The wave amplitude is given by Here is the amplitude

The wave amplitude is given by,Here, is the amplitude of the component wave of frequency ω at source point, is the propagation constant (=2πf/v), is the reflection co-efficient at water-reflector interface, is the reflection co-efficient at water-transducer interface, and x is the position measured from the transducer face. For simplicity, we take . In the present experiment, since a single transducer is used as the transmitter as well as the receiver, the response observed in the oscilloscope will be proportional to the wave displacement at x=0, i.e. .
The echo trains for n different sample lengths, l1, l2,… ,ln, are captured using digital oscilloscope DL 1640 and stored in PC for further analysis. From the average amc 7 Δt between successive echoes, ultrasound velocity v is determined (v=2ln/Δt) and k is calculated. From exponential fitting of the echo heights, effective attenuation αe is determined. To get the intrinsic attenuation constant α the following procedure is adopted. The Fast Fourier Transform (FFT) of the echo trains obtained for n lengths are determined. For each frequency component, n wave amplitudes are obtained for n different sample lengths. Oak Ridge and Oxford method for parameter fitting [8] is used to fit these n amplitudes according to relation (2) by adjusting the parameters k, r, α and . The computational method requires input guess values for k, r, α and . Input k is obtained from experimentally measured v, input α is the lowest value of αe obtained for large l, input r is calculated using the relation r=(ρ1v1−ρ2v2)/(ρ1v1+ρ2v2), ρ being the density, with suffixes 1 and 2 designating the reflector material and water respectively, and input is chosen arbitrarily. The experiment is repeated using steel, copper, brass, lead and glass reflectors.

Results and discussion
The velocities (v) and effective attenuation constants (αe) are determined for various lengths (l) of water columns in pulse-echo experiment with five different reflecting surfaces. The values for v are close to each other within experimental error. Average v is determined to be 1.4775×105cmsec−1. Fig. 1 shows the dependence of αe on l for glass reflector. We see that attenuation values are widely different particularly for small values of l. Similar variation in the attenuation constant has been reported by Martinez and co-workers [2]. Their work shows clearly that at short distances from the transmitting transducer, the attenuation values measured in pulse-echo method show wide variation. At long distances however, the results are consistent and it is possible to get an average value of 0.04417np/cm for the attenuation constant though it is not in agreement with other reported values [3–6]. Their measurement in through-transmission method uses two transducers aligned face-to-face, parallel to each other. By this the water medium in between behaves effectively like a bounded medium as in pulse-echo method and no better solution is obtained. The attenuation value obtained in this method is 0.04654np/cm.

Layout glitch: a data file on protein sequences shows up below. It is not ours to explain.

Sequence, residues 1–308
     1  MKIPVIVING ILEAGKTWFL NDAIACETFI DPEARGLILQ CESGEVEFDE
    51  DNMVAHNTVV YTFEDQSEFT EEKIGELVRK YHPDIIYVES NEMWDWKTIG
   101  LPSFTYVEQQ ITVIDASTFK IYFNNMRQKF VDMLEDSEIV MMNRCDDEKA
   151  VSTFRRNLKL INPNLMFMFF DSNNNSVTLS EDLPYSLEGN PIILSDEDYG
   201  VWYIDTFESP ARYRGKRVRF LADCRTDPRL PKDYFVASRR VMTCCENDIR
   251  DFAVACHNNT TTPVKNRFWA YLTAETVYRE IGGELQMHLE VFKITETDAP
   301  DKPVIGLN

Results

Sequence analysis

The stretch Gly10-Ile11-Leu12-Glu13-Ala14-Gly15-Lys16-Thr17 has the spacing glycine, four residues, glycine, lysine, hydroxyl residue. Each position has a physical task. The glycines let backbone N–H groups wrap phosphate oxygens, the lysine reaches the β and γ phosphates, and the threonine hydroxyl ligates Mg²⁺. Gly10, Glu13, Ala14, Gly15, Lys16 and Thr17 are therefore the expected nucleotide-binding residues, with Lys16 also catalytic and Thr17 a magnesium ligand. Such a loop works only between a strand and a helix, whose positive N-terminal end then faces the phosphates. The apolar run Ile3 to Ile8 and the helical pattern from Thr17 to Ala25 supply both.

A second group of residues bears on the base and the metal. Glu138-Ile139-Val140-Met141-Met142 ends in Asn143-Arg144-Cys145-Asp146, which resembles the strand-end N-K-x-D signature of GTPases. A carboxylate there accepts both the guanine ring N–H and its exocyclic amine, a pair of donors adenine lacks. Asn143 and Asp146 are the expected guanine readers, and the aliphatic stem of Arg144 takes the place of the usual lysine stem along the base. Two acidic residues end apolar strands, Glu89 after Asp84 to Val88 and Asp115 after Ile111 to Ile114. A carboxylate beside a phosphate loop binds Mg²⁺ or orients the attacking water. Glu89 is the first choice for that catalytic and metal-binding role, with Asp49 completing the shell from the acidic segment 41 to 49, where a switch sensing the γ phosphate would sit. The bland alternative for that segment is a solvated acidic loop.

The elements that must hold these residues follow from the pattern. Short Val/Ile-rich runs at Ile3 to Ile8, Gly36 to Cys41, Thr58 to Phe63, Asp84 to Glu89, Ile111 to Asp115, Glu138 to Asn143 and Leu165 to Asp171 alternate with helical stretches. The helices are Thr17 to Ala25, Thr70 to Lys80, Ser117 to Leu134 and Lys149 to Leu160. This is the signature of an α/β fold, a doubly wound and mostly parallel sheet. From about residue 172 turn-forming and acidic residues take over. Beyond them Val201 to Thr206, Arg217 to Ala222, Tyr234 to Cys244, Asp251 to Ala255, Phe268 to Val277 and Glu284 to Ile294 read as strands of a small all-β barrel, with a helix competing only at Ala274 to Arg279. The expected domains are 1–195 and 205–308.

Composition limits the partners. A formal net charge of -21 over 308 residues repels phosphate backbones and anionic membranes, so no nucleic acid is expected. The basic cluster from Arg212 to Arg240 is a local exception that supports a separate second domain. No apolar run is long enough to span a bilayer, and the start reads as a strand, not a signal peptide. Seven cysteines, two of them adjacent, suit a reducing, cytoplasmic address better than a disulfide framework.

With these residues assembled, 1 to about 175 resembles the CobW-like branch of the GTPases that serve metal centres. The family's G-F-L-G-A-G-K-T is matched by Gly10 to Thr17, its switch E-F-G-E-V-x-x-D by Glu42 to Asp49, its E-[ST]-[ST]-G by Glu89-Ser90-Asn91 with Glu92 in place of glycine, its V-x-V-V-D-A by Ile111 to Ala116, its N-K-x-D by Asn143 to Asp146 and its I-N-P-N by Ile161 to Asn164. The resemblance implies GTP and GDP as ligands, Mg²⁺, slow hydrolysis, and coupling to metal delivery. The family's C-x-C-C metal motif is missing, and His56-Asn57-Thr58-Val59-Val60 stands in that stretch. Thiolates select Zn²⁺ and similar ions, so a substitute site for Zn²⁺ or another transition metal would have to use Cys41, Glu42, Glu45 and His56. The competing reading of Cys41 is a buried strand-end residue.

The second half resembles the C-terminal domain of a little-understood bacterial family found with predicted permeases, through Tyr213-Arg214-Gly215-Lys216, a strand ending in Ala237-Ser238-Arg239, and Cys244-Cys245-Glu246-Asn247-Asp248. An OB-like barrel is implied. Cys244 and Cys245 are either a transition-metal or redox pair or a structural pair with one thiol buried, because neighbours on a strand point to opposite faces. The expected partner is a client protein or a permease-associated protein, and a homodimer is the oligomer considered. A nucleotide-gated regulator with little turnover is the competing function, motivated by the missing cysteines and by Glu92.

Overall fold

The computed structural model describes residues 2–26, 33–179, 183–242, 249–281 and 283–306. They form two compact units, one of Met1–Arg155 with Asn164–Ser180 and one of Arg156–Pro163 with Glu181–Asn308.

Measurements with other four reflectors, viz., steel, copper, brass and lead show similar nature of variation of αe with l and this is illustrated in Fig. 2. No significant difference is noticed due to the differences in r because of the fact that fluctuation due to change in l is more prominent than the effect caused by the change in r. For longer l and smaller r the echo signals are weak and measurement of αe is more erroneous. The observed nature of Fig. 2 is also consistent with the numerical study presented in Ref. [1].
To determine the intrinsic attenuation constant α, FFT components are computed for pulse-echo signals captured for seven different column lengths (ln, n=1, 2,… ,7) under same exciting conditions. The exciting input is pulsed rf signal of carrier frequency 1MHz, peak-peak pulse height of ∼300V, pulse width of ∼3μs and pulse repetition time ∼2.45ms. Table 1 presents the liquid column lengths for different reflectors used to get pulse-echo signals. Fig. 3 shows representative echo signal captured with glass reflector for (a) l1=5.056cm and (b) l7=3.552cm and Fig. 4(a) and (b) shows their fft components respectively. In Fig. 4 unit frequency corresponds to 100MHz and relative amplitude is in arbitrary unit. The frequency range where the fft amplitudes are relatively high is shown in Fig. 4. The peak region is considered for computational parameter fitting. The error in experimental fft amplitudes is assumed to be within 10%. Best fit parameters with minimum χ2 error are determined using Oak Ridge and Oxford method [8]. In finding the best fit parameters, several factors have been taken into consideration. Firstly, Triassic Period is known that there is no dispersion for normal sound propagation in water [12] in the frequency domain of the present experiment. Usually, the transducer bandwidth is ∼10% of the central operating frequency, i.e. 0.95–1.05MHz for 1MHz transducer. So k remains constant for all frequencies in this range. Velocity measurement in pulse echo method gives reasonably accurate value and we take the experimental value of v to calculate k and vary k within experimental error. For input r, we depend on theoretical value and allow small variation around this theoretical value. αe determined from pulse-echo experiment is chosen as input α. We choose the particular set of values for the parameters for which χ2 error is minimum for maximum frequency components in the range considered. The best fit parameters along with their input values are presented in Table 2. The average k thus obtained is 42.74±0.03cm−1 giving v=(1.4693±0.0011)×105cmsec−1 and average α is 0.0435±0.0013np/cm. This value of α is more accurate and consistent with the measurement by Martinez et al. [2].